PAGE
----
Following the snow this year, I ended up at one of the most impressive places I have ever visited. Terrace, BC, boasts some of the most incredible terrain south of Alaska and took my breath away at every turn. I was lucky enough to stumble across Northern Escape Heli Skiing in search of things to do in the area.
I had vaguely heard about the operation but didn’t know much about it. We arrived at the Yellow Cedar Lodge on a 40cm bluebird day and skied big alpine lines all day long. It was hard to wipe the smile off of my face. Can’t ask for more than that! Northern Escape boasts more than 250 named runs and 5,500 square km’s of terrain. I literally felt like I was on top of the world with huge mountains in every direction as far as my eye could see. The area is lightly populated, so you can pretty much guarantee you won’t see a soul while skiing. They also have unlimited vertical and backup cat skiing, so no matter what the weather is doing, you are guaranteed to ride. Deep powder, professional staff and big mountain terrain will make you want to come back for more. If heli skiing all day isn’t enough, Northern Escape runs several luxurious lodges with workout rooms, après-ski, delicious homemade meals and saunas. You can check out pictures from my trip at the bottom of the page.
“…it only gets skied once every couple years as it’s really big and very long with a consistently steep pitch through huge alpine terrain with icefalls and broken glaciers.“
I was able to interview the general manager of Northern Escape, John Forest, and ask him about his operation:
Can you give a quick background on your career prior to Northern Escape?
Prior to Northern Escape I worked with and managed several other leading heliskiing companies. I’ve been guiding for 30 years now and pretty much all of that is in the heli and snowcat business. When I was 22 I started a cat skiing company and prior to Northern Escape I also started and sold another heli skiing company.
How did that influence you to open up this operation and what sets it apart from the rest? Also how many lodges/helicopters do you run during peak season?
I started Northern Escape after selling a heli skiing company I started a little north of us. I was looking for a remote atmosphere but wanted much easier access for our guests. Time is a valuable commodity for most of our guests and with our location they can generally save a couple days of additional travel time and expense when compared to most of our competitors.
Of course the terrain was a biggy and the terrain around here never ceases to impress me. We have huge alpine and some of the most amazing tree skiing I have ever experienced. We implemented our Cat Skiing back up 6 or 7 years ago and it is just the icing on the cake.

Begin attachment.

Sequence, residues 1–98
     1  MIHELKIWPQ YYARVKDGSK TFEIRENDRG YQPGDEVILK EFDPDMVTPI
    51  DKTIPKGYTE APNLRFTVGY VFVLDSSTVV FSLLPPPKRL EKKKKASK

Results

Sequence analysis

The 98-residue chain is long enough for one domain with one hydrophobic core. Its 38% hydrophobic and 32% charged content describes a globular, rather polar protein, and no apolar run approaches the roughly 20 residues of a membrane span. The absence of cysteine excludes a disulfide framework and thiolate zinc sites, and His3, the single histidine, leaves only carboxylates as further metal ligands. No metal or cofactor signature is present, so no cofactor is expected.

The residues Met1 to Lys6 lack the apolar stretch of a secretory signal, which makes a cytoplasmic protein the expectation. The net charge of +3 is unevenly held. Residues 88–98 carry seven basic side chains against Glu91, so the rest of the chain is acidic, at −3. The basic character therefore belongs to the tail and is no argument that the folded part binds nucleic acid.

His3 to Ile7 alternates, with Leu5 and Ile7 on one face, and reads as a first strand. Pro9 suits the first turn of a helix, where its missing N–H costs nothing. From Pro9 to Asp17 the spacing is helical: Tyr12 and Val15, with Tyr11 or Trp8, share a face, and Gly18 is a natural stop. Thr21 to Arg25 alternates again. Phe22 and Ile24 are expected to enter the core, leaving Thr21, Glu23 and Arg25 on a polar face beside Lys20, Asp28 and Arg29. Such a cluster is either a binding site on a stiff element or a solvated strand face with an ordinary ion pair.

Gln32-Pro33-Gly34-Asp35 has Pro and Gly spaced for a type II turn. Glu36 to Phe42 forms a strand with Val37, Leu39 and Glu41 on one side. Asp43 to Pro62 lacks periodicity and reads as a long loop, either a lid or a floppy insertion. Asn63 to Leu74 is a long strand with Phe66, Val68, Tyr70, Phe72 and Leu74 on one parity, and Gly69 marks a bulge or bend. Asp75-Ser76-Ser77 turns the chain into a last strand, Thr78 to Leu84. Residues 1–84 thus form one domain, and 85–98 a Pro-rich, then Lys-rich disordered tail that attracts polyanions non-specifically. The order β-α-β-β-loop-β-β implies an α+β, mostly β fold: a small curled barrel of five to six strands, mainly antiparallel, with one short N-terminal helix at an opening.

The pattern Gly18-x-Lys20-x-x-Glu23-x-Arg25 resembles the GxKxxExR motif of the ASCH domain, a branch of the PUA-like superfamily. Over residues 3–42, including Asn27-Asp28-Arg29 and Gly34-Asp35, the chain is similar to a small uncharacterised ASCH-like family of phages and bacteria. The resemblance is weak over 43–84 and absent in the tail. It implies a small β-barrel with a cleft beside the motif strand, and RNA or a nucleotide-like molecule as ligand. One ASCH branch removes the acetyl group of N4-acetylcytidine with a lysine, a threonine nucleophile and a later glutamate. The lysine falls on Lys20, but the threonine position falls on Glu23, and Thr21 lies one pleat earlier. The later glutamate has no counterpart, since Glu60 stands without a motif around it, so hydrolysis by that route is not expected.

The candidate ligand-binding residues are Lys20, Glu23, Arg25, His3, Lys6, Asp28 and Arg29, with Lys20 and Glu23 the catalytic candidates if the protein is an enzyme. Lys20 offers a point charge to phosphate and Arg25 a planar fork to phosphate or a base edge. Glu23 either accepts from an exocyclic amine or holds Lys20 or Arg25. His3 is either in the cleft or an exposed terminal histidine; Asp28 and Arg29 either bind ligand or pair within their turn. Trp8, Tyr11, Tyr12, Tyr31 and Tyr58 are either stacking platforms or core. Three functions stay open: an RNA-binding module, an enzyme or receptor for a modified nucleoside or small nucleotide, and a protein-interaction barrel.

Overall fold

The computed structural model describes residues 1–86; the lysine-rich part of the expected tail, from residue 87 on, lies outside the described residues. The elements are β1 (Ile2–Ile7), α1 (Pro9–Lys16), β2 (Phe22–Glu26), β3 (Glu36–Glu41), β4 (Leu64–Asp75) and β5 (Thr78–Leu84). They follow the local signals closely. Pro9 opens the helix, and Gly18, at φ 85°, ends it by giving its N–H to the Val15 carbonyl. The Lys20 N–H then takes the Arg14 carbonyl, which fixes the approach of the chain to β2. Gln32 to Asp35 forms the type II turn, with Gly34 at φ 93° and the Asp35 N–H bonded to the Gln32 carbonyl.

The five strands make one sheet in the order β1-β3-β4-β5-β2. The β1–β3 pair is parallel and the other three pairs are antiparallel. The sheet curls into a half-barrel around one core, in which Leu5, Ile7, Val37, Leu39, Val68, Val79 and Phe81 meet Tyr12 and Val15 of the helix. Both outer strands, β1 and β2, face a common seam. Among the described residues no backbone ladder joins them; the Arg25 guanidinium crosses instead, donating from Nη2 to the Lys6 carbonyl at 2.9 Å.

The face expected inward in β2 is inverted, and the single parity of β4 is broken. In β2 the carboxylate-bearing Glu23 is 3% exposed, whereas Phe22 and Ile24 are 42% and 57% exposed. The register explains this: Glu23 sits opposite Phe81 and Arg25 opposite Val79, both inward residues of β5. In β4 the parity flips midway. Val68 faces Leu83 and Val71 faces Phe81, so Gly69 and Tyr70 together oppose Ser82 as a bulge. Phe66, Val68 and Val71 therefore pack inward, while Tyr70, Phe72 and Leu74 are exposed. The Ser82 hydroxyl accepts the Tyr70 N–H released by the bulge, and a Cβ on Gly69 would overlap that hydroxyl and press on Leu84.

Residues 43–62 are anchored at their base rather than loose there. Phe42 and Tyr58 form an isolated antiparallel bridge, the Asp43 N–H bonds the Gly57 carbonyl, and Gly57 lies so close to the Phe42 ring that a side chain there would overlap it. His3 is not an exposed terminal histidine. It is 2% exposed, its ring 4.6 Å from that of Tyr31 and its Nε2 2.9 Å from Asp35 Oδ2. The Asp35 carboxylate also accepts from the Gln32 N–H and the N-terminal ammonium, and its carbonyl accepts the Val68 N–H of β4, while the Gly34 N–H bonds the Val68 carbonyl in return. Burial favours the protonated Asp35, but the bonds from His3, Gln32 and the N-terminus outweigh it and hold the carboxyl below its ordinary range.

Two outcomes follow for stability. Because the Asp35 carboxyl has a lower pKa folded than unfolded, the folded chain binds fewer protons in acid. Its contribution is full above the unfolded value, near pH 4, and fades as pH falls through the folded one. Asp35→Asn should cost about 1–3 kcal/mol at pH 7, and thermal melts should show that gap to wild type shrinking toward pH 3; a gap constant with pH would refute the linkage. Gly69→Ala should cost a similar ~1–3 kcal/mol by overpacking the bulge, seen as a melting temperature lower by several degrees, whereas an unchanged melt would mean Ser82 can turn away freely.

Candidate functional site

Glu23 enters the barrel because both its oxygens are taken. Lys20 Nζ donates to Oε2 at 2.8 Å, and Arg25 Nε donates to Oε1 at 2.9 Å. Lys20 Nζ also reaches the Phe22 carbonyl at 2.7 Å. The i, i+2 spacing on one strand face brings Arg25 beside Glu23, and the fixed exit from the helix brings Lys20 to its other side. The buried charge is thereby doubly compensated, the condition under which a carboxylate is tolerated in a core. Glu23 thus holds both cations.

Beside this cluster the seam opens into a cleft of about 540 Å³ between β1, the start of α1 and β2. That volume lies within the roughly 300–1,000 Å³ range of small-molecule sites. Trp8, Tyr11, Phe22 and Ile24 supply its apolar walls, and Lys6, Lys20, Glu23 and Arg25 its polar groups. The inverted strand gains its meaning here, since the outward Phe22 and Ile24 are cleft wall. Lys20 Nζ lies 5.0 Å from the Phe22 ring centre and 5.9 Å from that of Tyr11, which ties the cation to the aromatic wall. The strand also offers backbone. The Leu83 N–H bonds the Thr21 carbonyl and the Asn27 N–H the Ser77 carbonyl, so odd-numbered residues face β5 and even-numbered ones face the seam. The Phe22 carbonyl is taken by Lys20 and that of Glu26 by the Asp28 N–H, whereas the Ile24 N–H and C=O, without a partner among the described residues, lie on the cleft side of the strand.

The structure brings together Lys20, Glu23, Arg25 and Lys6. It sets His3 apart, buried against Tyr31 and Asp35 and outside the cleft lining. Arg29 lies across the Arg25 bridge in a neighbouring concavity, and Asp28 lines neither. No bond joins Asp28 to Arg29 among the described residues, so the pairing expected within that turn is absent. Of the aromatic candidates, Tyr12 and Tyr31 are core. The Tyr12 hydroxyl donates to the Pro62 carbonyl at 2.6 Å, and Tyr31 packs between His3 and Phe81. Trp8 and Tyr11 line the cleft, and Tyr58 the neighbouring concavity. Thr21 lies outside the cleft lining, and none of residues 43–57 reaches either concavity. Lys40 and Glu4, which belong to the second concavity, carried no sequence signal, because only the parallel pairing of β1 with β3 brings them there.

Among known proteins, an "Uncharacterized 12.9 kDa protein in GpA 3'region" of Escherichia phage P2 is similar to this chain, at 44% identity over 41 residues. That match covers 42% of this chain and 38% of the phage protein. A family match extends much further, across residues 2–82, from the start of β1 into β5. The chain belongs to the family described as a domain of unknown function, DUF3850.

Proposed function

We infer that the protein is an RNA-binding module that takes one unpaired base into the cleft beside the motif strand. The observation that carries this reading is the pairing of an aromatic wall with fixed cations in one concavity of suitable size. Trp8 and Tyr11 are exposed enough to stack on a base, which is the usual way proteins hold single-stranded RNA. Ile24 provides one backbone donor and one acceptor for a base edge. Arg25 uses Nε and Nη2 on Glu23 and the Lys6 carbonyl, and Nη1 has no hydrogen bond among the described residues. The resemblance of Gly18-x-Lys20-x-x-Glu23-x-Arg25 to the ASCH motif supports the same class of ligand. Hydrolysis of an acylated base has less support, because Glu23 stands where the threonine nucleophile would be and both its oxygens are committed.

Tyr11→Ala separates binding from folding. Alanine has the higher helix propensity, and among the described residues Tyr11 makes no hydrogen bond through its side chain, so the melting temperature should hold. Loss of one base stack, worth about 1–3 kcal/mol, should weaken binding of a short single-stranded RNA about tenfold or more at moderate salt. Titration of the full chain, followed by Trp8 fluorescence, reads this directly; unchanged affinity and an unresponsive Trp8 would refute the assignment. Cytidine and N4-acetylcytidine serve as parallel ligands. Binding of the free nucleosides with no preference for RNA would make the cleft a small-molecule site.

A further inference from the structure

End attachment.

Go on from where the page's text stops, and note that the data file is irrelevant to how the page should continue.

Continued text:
There’s nothing like still being able to ski even when the heli is grounded by heavy snowfall. It’s not heli skiing, but it sure beats sitting in the lodge and watching it snow… We operate 3 helicopters in main season and we have 3 snowcats for back up.
I hear the locals at the local mountain(shames) complain of wet snow. Do your clients deal with the same problem considering you are so close to the coast? Also, how much snowfall do you receive per year?
It’s kinda funny, but most locals don’t know much about where we ski and can only make comparisons to the local ski hill, Shames Mountain. One of the big differences is the ski hill is very low and on the main Skeena valley.
Once you get a little higher and out of the main valley, it’s much cooler. Most of our runs bottom out and we pick up at or above the elevation of the top of the ski hill. Thus our snow is generally deep and dry. We average a 5 meter (15 feet) deep snowpack at treeline and can have upwards of 8 to 10 meters (24 to 30 feet) on the glaciers.
I got a brief peak at your terrain map and it looks extensive.Your website says you have more than 250 named runs and 5,500 square km’s of terrain. What is your favorite area/run and why? Did you have other runs or zones you would like to mention?
I’ve had so much fun exploring this area over the last 13 years and there’s still many new runs to be skied. One of my favorites is a big glaciated run called “Once Upon a Time” it only gets skied once every couple years as it’s really big and very long with a consistently steep pitch through huge alpine terrain with icefalls and broken glaciers. It’s spectacular.